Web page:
We finally hear from Bayaz! He’s been mentioned a dozen times by different characters throughout the book thus far, but he’s been something of a blank slate. No one really knows anything about him and many consider him a relic of the past.

What we know of Bayaz and the Magi:

  • Bayaz isn’t some wizened old man.
  • He does have magic, which he uses to choke Calder.
  • He’s got something of a bad attitude.
  • There was once a man named Bayaz who advised the first king of the Union.
  • His magic is weaker now than it once was.
  • He was apprenticed to Juvens, who once had twelve apprentices. Bayaz considered himself beholden to Juvens, but no longer with Juvens dead.
  • Zacharus, Quai’s former Master, is one of the twelve in addition to Bayaz.

Also of note in this chapter, we continue to see references to the Master Maker. In “First of the Magi” Bayaz calls a chain of flowers made by a young girl work that “The Master Maker himself could not have done better.” In Jezal and Glokta’s chapters we’ve seen reference to the House of the Maker, which no one has entered since being sealed long ago.

Color me intrigued.

 

“The Good Man”

Not Stairway to Heaven: Major West stands guard over the Lord Chamberlain Hoff’s audience. Hoff makes an ass of himself in front of the Mercers, a delegation from the North, a peasant, and, finally, Yoru Sulfur, a Magi sent to herald the return of Bayaz to the Closed Council.

Stairway to Heaven: Sweating in the Adua heat, Major Collem West stands guard during a public audience. Overseen by the Lord Chamberlain, Fortis dan Hoff, West struggles to maintain his rigor.

The first penitent is a farmer named Goodman Heath who seeks redress from the crown. His family has been put off their land by their landlord who claims they’ve not paid rent. Hoff treats him with disdain and shuffles him off to a lesser bureaucrat. The Chamberlain is offended by the peasant’s willingness to talk back.

Next in line is Coster dan Kault, Magister of the Guild of Mercers, who dresses “so ostentatious that the Emperor of Gurkhul himself might have been embarrassed.” Kault accuses his Majesty’s Inquisition of executing a plot to undermine the Guild and their business interests in the Free Cities of Styria. Hoff doesn’t show him any more respect than he does the farmer. Vault leaves sputtering words that sound much like threats.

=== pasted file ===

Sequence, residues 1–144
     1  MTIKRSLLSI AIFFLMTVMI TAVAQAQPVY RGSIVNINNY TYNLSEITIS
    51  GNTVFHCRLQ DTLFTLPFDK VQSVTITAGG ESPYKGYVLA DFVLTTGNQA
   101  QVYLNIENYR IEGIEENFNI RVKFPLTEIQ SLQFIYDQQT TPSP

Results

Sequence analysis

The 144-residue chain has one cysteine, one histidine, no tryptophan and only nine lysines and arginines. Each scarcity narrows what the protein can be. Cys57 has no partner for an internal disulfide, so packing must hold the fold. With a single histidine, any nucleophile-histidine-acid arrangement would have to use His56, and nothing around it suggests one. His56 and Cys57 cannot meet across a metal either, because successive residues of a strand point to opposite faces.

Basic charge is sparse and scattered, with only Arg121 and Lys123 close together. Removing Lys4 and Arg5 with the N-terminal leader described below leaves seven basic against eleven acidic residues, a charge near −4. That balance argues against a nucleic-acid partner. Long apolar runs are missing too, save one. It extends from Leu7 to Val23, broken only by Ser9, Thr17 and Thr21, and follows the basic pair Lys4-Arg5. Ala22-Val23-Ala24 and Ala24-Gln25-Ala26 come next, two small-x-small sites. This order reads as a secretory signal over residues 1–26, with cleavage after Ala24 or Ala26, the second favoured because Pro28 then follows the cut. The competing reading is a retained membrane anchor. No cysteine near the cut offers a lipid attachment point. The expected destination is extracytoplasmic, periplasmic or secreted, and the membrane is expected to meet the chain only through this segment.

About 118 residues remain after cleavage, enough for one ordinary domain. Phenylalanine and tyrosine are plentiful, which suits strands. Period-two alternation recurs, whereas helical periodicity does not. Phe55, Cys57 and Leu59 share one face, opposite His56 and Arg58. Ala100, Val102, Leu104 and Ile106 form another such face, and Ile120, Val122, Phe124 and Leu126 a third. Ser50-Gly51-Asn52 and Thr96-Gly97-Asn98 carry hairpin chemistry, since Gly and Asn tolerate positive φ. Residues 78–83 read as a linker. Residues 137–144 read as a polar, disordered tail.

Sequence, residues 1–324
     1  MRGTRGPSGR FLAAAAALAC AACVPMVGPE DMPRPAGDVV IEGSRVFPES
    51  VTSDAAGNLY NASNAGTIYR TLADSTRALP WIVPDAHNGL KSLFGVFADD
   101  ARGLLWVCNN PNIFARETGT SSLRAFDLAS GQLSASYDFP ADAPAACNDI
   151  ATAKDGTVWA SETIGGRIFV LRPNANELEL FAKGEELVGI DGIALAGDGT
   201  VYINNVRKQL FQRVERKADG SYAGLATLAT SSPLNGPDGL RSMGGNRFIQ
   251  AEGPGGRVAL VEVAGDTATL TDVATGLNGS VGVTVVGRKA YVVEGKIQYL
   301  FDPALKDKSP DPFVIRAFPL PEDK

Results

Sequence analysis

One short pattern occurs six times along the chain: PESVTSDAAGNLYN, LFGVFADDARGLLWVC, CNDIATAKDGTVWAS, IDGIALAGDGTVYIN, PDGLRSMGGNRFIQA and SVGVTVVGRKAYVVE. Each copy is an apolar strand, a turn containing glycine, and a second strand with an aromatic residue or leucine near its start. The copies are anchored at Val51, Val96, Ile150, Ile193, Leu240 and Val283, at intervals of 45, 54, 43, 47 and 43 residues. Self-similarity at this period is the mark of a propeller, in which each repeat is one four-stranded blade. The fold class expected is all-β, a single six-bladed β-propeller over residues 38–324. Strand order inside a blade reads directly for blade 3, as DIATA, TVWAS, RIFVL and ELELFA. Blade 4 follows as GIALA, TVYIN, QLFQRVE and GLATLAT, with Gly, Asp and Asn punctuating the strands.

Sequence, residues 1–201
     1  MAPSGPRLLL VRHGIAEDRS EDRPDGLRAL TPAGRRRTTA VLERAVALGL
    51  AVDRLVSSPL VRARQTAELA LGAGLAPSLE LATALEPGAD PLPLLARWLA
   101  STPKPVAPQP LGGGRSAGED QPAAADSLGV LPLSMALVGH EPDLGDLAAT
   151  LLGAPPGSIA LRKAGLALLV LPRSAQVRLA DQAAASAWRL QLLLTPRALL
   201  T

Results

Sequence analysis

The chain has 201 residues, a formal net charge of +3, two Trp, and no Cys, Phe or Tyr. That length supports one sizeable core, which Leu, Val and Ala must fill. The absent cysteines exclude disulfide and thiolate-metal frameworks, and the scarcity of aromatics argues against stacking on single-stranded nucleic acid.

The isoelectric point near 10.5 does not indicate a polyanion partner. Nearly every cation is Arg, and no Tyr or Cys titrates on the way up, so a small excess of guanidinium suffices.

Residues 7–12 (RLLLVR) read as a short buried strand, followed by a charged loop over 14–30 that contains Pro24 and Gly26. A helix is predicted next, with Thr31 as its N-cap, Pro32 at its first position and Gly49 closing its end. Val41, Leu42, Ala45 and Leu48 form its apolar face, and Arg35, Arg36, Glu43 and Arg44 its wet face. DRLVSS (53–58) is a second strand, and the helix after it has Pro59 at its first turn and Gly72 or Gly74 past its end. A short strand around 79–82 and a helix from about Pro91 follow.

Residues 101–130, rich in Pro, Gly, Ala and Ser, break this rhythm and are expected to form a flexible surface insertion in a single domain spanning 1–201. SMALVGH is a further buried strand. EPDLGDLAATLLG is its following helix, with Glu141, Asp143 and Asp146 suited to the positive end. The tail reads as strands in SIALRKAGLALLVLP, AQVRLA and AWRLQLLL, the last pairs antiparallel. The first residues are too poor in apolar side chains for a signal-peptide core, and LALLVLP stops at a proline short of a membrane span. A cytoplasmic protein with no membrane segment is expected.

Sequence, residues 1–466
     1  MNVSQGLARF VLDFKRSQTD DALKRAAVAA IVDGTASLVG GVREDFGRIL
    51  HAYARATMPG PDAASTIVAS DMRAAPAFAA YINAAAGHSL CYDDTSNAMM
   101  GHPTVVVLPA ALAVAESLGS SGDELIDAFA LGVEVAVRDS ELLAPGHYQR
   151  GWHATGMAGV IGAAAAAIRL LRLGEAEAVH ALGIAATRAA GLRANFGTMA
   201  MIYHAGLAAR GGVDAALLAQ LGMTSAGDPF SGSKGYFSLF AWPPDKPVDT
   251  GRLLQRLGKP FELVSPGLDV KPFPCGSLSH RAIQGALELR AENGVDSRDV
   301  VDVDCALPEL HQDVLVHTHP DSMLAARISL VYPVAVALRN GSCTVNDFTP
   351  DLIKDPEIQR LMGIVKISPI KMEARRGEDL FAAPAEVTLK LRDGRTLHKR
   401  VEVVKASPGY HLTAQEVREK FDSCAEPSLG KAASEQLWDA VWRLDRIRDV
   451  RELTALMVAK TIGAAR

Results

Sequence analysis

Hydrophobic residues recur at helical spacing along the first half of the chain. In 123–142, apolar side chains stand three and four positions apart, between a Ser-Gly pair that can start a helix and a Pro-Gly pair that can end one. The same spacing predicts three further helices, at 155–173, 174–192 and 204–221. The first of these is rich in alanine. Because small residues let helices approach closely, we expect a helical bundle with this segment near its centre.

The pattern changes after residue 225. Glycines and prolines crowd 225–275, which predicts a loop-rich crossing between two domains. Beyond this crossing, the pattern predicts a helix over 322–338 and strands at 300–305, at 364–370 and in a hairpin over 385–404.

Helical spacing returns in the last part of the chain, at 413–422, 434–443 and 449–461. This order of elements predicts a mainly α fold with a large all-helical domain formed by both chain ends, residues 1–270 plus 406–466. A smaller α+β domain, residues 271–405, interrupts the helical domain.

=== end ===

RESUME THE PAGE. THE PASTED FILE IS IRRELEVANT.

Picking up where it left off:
A delegation from the King of the Northmen, Bethod, is ushered in. Four make up the delegation: two dangerous looking men, an older man with a great white beard, and a massive giant of a man swathed in a rough brown cloak. Hoff mistakes the bearded man, White-Eye Hansul, as Bethod’s emissary, but White-Eye corrects him and introduces Fenris the Feared, a more massive man Major West has never seen. Hoff treats them with a modicum of respect and offers them an audience with the King in Open Council.

The last man to come before the Chamberlain is Yoru Sulfur, from the Great Order of the Magi. Hoff is excited to see him, expecting to be entertained. Sulfur is something a disappointment to Hoff, but admits to having studied under the great Bayaz himself. He then states his purpose, “On the death of King Harod the Great, Bayaz, the First of the Magi, left the Union. But he swore an oath to return.” Hoff, clearly shaken by Sulfur’s announcement decides to grant the Magus an audience with the Closed Council.

Ordered by Hoff to keep the Magus’ appearance quiet, West trudges out, more concerned by fears about war in the North and his troublesome sister who he was fool enough to leave alone with Jezal dan Luthar. Before leaving the Agriont, West offers financial aid to Goodman Heath.

Important Characters Introduced: Fenris

Minor Characters Introduced: Yoru Sulfur, Lord Chamberlain Hoff, White-Eye Hansul, Magister Kault

Quotes to Remember:

If you could have stabbed someone in the face with the phrase ‘good day’, the head of the Guild of Mercers would have lain dead on the floor.

Snap. Just a great visual, isn’t it? A lot of authors rely on more florid prose to communicate lush imagery. Abercrombie finds a way to do it colloquially.

His staff was not shod with gold, had no lump of shining crystal on the end. His eye did not flare with a mysterious fire.

Ok, I think we get it. Magi aren’t really that cool looking in the Circle of the World. This is one of those times where Abercrombie is probably being a little too overt in his commentary.

Musical Theory of Stairway to Heaven: Well, in a chapter titled “The Good Man,” Abercrombie gives us a rather lengthy view of quite the opposite in Lord Chamberlain Hoff. He shows blatant disregard for anyone who doesn’t threaten his position, and then bends for a delegation from the North that he sees as a reasonable bunch of savages. He mocks the Magus until given the kind of proof that brooks no argument, and then treats the soldiers around him like servants.

Juxtaposed is Major West, who witnesses all of this with a sense of unease and gifts the most aggrieved petitioner with money, a limited resource for the common soldier. This is the first point of view chapter for West and it shows him to be much closer to the ideal fantasy hero readers have come to expect. He empathizes with the common man and seems genuinely concerned about the well being of the Union despite clear evidence that the government is failing its people.